With children in the US faring poorly in their studies, why is it that so-called ground-breaking projects like the One Laptop Per Child program were not first implemented in their country of origin?
on 04/10/2012 – Made popular on 04/10/2012
In 2005, Nicholas Negroponte, who previous founded MIT's Media Lab, founded One Laptop Per Child (OLPC), which works with the United Nations Development Program (UNDP) to deliver low-cost laptops to children in developing nations. But this week, OLPC announced something a little bit different.
The parties that just won the elections in Mauritius are going to introduce the One Laptop Per Child (OLPC) program with the objective to "transform how children are taught by giving them access to modern technological tools which will help them to better understand Information Technology"
Here’s another one for the toddlers from the Kids Academy Company. We recently told you about Montessori ABC Game for Kids, and now we have an interactive book called Three Little Pigs & Big Bad Wolf. It’s the famous short story, but this time it will engage your child with unique interactions on the tablet.
The One Laptop Per Child project announced Friday that it has teamed up with semiconductor manufacturer Marvell to offer kids in developing nations a computer for under $100. This time, the project will offer Marvell's Moby tablet computer.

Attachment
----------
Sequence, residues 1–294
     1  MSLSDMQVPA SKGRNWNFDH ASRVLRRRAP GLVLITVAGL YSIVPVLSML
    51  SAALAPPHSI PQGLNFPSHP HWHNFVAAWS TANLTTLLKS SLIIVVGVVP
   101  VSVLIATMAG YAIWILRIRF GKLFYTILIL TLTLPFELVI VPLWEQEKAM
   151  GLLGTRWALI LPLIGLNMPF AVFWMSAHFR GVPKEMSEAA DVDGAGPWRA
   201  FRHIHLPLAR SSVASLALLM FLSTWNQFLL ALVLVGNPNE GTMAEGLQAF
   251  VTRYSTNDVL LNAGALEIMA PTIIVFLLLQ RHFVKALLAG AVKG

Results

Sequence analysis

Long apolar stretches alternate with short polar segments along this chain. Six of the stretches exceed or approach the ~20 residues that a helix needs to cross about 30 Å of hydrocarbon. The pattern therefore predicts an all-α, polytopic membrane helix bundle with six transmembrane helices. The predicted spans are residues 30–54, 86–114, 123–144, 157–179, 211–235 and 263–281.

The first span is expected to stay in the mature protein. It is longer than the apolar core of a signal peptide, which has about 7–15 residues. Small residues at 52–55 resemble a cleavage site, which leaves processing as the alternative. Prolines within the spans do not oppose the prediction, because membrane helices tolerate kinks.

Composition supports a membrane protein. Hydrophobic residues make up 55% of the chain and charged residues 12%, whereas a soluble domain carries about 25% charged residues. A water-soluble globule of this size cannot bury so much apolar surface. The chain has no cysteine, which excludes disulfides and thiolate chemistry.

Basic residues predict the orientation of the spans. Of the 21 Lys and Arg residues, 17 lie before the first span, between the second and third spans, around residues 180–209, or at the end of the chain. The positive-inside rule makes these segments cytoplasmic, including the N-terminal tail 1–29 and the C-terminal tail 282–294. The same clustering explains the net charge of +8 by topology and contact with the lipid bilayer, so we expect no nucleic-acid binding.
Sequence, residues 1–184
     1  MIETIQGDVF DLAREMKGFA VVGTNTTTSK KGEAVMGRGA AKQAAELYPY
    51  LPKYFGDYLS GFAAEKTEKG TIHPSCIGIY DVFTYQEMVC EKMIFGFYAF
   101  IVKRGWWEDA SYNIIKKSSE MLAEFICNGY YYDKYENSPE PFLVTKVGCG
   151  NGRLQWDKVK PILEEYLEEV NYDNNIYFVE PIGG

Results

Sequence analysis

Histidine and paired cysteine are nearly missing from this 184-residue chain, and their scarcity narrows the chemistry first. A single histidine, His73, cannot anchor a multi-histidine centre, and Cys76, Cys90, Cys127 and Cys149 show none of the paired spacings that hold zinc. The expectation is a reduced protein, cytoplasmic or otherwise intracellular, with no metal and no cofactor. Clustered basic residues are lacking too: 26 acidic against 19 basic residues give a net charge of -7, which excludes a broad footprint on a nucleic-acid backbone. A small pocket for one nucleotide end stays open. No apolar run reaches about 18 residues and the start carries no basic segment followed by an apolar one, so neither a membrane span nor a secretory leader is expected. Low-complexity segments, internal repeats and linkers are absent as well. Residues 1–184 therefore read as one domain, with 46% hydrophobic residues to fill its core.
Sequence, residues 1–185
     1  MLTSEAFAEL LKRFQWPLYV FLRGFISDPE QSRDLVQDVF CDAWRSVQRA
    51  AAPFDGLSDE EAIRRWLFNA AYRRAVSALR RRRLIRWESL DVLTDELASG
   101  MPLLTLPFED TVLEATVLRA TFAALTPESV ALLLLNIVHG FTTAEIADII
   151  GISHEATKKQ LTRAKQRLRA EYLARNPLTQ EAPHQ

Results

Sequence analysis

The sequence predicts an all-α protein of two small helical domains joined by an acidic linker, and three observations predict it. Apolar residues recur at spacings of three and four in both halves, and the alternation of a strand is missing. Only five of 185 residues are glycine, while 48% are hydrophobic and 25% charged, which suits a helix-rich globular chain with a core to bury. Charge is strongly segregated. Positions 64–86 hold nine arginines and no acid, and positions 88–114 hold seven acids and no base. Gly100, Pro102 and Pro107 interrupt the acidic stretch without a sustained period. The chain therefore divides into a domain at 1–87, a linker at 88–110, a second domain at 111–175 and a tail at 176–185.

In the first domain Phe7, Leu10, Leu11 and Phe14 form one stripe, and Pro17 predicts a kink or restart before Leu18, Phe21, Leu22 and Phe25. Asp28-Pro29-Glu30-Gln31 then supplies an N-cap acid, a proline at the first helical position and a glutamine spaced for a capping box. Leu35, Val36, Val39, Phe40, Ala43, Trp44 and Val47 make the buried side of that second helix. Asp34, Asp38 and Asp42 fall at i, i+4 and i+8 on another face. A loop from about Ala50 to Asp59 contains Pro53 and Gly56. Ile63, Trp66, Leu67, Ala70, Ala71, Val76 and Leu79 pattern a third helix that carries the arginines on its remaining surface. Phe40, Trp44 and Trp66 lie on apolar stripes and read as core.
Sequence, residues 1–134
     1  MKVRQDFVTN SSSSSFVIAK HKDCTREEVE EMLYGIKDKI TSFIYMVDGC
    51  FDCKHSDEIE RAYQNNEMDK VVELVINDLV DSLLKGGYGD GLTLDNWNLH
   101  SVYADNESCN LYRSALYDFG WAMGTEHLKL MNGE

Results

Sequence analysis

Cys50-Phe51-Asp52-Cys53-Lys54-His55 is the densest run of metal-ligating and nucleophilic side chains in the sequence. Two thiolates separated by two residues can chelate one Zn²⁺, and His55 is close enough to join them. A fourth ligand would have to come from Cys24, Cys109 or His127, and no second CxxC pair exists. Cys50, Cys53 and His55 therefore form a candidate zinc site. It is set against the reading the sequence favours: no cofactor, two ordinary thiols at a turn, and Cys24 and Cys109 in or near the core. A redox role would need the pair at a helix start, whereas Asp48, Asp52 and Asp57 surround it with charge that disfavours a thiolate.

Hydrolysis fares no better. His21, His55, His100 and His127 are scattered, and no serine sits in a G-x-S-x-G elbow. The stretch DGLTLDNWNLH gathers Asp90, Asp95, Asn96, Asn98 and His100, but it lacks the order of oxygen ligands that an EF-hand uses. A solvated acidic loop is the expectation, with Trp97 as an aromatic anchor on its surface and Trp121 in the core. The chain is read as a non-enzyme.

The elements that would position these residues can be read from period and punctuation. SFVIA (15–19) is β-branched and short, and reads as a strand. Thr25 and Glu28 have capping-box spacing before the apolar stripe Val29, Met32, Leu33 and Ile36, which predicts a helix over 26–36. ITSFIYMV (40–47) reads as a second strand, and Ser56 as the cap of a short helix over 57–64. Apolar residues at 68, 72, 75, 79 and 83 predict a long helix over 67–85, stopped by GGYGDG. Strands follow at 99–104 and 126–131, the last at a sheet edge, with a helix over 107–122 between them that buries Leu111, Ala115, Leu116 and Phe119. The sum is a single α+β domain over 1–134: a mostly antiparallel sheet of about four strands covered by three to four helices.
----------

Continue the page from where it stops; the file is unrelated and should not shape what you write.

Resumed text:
OLPC OS, a Fedora-based Linux distribution designed for the One Laptop per Child (OLPC) project's XO Laptop, has just reached version 13.2.0. OLPC OS 13.2.0 comes with some amazing new features, and the developers have chosen to maintain support and consistency for older laptop models.
Smash Fit for Kids is changing the way children think about their health and fitness. With the capacity to record calories and measure exercise, Smash Fit for Kids is the first calorie counting tool on the market for children aged 2-16 years.
The story sounded far-fetched: OLPC researchers, working with a team of technicians in Ethiopia, created a special “hut” covered in solar panels where the children of a few distant towns could go to recharge some toys they were given. The toys were boxed Motorola Xoom tablets and every child between the age of four and eight got one.